Raven’s End, by Canadian author Benn Gadd, is a really good read for tweens!
‘Spiritual, philosophical, political, and beautifully written, Raven’s End is an exciting novel about the lives of ravens. . . ‘ (amazon.ca)
The characters are ravens that have human qualities of speech and emotion, but behave like real ravens. The story addresses all kinds of issues, from peer pressure to friendships, families, and spiritual beliefs – all against the beautiful backdrop of the Canadian Rockies and amidst the real wildlife living in that area. If you think of one of those moments when a squirrel looks at you, and you can just tell that it’s thinking something, this book is for you. It’s pleasant and interesting, and long enough to let you sink into the story and enjoy the mood.
This book could be an excellent complement to a homeschool curriculum for several reasons:
- Young people who are schooled at home face the same challenges of growing up as everyone else, even though they do not do so within a group of same-aged peers. In this book, the ravens live as a small community. The young, middle-aged, and elderly interact. The adolescent ravens face the same choices and feelings as adolescent humans, but without the drama of a highly-charged school environment. They live and grow in the presence of different-aged companions, and they face challenges that the entire flock faces: difficult weather, finding food, etc. In this way, the book can help a homeschooler by reinforcing that everyone has a place within a community (not only within a school, as so many tween-oriented books suggest).
- This book is also an excellent choice if you are looking for Canadian content that is realistic but not historical. The descriptions of the Canadian Rockies and nearby areas are accurate and reflect current events, and Gadd really portrays the atmosphere of the place – and the types of people who live there. ( I spent a few years growing up in the area.) Young Canadians from anywhere in the country can enjoy a semi-imaginary tale and come away with a lot of ‘stuff’ in their heads which relates to surviving in and enjoying a real wild place (unlike, say, Percy Jackson; other fantasy novels; or books in which surviving and thriving in a school environment is the main focus).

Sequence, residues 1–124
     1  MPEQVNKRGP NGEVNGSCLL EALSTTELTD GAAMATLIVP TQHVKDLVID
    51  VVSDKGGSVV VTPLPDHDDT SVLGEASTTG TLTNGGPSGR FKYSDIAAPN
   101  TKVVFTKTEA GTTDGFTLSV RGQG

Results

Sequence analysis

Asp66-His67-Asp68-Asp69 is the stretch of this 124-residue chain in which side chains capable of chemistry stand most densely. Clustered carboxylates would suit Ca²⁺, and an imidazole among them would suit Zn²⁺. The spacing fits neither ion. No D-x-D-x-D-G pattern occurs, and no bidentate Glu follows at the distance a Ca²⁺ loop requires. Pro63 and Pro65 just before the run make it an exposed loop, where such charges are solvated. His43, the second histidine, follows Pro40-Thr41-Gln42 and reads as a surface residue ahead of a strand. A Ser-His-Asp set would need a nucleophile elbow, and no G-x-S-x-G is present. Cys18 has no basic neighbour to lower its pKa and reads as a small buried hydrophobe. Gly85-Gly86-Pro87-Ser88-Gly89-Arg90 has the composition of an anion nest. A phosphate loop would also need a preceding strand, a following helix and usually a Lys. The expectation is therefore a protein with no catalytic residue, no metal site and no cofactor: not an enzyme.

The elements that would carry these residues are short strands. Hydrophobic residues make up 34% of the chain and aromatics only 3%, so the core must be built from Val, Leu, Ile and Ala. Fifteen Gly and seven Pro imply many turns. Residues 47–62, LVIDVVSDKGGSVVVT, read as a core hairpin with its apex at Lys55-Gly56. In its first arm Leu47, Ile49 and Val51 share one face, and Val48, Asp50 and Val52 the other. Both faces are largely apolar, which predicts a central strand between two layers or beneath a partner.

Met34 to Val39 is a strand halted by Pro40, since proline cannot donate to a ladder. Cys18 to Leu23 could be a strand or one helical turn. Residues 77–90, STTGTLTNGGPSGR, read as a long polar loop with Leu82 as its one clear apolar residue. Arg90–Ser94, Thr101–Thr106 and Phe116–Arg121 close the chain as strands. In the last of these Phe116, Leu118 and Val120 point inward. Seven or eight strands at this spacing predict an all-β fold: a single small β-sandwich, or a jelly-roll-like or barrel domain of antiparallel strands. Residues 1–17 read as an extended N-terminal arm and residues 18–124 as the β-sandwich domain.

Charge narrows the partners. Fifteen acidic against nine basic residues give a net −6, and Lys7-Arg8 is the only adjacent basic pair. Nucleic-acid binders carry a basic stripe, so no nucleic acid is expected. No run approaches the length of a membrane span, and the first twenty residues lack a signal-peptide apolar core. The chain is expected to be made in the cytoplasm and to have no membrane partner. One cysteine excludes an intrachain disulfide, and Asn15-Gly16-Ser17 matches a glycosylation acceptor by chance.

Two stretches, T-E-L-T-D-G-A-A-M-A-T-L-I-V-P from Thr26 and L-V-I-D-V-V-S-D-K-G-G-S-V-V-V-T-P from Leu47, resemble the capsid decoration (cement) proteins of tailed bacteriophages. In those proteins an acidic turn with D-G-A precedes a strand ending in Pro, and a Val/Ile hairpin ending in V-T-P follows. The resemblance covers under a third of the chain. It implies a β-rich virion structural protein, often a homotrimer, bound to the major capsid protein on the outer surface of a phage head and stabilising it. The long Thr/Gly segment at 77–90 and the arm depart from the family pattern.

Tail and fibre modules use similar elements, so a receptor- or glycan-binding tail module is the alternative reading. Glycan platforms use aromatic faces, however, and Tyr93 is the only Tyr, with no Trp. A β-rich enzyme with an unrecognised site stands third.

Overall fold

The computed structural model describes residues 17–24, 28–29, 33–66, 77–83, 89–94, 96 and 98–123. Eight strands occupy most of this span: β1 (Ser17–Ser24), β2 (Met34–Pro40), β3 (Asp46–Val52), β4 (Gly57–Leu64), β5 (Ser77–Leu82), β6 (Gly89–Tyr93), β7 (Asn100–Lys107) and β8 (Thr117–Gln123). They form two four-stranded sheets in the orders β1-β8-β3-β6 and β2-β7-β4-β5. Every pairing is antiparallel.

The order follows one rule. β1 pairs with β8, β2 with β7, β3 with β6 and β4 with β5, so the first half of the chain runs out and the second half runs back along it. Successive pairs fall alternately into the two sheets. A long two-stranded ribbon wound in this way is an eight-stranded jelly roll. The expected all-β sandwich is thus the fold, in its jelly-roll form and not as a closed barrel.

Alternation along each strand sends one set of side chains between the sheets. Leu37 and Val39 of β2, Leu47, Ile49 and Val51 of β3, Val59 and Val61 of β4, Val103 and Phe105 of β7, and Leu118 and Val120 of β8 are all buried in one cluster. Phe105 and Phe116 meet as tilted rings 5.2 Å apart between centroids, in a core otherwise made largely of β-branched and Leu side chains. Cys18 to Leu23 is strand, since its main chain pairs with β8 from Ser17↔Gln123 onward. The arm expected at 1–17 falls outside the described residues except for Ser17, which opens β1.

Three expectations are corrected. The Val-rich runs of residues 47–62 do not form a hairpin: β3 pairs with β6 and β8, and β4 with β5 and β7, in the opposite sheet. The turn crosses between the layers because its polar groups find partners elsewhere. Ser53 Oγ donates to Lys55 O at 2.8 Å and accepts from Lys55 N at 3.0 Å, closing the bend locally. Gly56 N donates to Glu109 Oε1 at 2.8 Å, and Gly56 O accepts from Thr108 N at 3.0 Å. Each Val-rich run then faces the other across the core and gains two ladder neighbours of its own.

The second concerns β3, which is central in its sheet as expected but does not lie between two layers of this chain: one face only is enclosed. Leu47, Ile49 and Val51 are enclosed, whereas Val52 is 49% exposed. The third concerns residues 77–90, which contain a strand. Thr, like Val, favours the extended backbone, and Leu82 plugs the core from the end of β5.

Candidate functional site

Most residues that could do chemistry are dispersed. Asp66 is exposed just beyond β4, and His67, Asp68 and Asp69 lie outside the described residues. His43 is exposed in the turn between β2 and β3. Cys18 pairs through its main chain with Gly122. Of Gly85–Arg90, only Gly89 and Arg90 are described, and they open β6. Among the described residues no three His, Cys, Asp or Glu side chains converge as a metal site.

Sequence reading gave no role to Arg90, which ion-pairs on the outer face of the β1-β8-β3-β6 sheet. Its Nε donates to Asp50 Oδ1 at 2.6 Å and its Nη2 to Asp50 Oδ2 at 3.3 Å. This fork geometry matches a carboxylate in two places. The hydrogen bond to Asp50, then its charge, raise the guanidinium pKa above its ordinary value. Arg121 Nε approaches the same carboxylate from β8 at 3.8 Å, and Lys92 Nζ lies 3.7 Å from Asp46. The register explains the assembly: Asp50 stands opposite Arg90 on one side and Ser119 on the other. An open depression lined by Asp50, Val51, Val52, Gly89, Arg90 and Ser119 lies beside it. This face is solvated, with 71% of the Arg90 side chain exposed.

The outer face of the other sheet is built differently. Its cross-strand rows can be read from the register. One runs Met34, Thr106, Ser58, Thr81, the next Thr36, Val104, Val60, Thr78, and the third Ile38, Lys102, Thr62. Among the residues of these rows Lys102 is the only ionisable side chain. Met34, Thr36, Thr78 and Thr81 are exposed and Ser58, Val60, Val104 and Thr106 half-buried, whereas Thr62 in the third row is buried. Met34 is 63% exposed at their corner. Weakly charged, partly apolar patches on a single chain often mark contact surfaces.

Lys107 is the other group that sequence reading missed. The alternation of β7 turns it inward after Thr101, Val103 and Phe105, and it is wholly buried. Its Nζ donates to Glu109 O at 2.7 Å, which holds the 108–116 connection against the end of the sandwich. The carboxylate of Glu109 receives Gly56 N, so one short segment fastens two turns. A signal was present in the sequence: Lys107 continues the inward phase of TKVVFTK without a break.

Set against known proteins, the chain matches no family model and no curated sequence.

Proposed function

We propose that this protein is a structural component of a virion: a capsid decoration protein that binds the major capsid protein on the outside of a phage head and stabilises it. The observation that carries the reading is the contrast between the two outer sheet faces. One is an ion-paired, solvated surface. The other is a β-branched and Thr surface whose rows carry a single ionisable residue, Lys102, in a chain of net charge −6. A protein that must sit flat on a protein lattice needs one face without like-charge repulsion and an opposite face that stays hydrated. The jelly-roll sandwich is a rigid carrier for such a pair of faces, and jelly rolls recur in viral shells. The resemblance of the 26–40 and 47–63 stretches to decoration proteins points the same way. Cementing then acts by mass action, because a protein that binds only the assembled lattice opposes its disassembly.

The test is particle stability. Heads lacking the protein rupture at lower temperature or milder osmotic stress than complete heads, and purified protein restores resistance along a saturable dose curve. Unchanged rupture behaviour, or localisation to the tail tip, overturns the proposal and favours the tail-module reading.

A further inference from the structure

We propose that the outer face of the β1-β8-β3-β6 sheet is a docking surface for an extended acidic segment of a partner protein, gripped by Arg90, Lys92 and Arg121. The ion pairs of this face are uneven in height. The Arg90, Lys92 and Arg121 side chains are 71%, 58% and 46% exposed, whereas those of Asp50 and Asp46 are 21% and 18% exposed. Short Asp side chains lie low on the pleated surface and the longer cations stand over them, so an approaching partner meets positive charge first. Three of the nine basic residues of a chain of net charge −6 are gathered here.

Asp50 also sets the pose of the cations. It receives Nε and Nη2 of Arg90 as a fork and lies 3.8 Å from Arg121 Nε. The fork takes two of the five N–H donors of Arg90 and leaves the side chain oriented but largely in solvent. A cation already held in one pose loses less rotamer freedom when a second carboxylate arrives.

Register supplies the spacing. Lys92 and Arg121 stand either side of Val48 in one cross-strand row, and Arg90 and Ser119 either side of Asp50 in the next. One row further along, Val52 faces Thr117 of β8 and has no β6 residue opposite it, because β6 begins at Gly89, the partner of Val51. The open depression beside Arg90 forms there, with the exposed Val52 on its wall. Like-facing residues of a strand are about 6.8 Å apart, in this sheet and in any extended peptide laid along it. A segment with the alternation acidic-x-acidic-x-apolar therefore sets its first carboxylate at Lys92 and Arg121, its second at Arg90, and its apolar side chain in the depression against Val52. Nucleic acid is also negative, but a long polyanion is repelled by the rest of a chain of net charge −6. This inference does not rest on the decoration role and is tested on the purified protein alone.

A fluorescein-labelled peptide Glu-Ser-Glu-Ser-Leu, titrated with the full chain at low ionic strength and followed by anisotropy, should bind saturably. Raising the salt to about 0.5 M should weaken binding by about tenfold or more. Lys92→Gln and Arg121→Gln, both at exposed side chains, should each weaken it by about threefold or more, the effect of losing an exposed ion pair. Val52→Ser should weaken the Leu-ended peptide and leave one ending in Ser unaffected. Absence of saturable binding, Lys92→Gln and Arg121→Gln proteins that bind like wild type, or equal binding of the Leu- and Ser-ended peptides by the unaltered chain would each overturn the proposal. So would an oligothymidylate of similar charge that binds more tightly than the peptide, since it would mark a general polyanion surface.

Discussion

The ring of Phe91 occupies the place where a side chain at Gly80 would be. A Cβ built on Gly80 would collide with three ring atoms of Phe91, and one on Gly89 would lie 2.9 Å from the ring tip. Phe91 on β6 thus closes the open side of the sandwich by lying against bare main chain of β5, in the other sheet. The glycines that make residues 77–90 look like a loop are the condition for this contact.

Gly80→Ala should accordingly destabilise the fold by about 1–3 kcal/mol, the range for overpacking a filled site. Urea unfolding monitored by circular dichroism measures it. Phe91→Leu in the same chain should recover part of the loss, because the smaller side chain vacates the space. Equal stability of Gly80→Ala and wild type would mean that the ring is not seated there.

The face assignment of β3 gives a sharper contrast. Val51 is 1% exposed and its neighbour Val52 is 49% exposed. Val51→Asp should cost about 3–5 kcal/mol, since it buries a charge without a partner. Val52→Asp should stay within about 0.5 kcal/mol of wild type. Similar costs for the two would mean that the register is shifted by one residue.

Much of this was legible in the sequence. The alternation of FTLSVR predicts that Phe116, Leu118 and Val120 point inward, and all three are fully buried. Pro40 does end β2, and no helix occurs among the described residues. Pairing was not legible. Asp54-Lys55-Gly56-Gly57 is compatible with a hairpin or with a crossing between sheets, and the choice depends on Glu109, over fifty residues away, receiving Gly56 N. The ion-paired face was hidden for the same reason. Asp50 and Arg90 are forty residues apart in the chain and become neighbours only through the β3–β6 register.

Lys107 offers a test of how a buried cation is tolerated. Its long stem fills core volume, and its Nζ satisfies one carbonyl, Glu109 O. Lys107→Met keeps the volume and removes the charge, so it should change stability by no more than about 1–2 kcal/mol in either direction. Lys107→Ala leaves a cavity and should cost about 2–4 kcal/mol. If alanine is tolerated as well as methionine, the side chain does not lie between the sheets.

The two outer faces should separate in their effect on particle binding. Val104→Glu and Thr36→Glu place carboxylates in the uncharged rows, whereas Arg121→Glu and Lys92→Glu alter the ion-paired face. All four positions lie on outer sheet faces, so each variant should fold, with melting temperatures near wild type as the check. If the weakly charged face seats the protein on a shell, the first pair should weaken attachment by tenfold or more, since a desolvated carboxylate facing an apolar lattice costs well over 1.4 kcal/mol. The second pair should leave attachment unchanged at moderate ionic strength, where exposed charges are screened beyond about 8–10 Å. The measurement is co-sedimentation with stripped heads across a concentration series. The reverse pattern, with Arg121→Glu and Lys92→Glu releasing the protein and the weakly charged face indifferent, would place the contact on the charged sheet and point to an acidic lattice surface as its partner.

The love Benn Gadd has for the places and creatures he writes about shines through his writing. The drama in Raven’s End is based on real events (snowstorms, predator-prey relationships), and somehow, the story remains grounded – despite the fairly silly premise of ravens thinking and feeling like humans! It’s a good read, and a book you just might want to add to your shelf (but go ahead and check it out of the library first!).
Rawk-a-taw! (Ravenese exclamation of enthusiam, courtesy of the Yamnuska flock.)
Afterthought: The book does contain a rather bizarre spiritual premise – that humans reincarnate as ravens – but this is only the backdrop of the story and can easily be discarded as imagianry or ridiculous by a reader with (likely) different beliefs.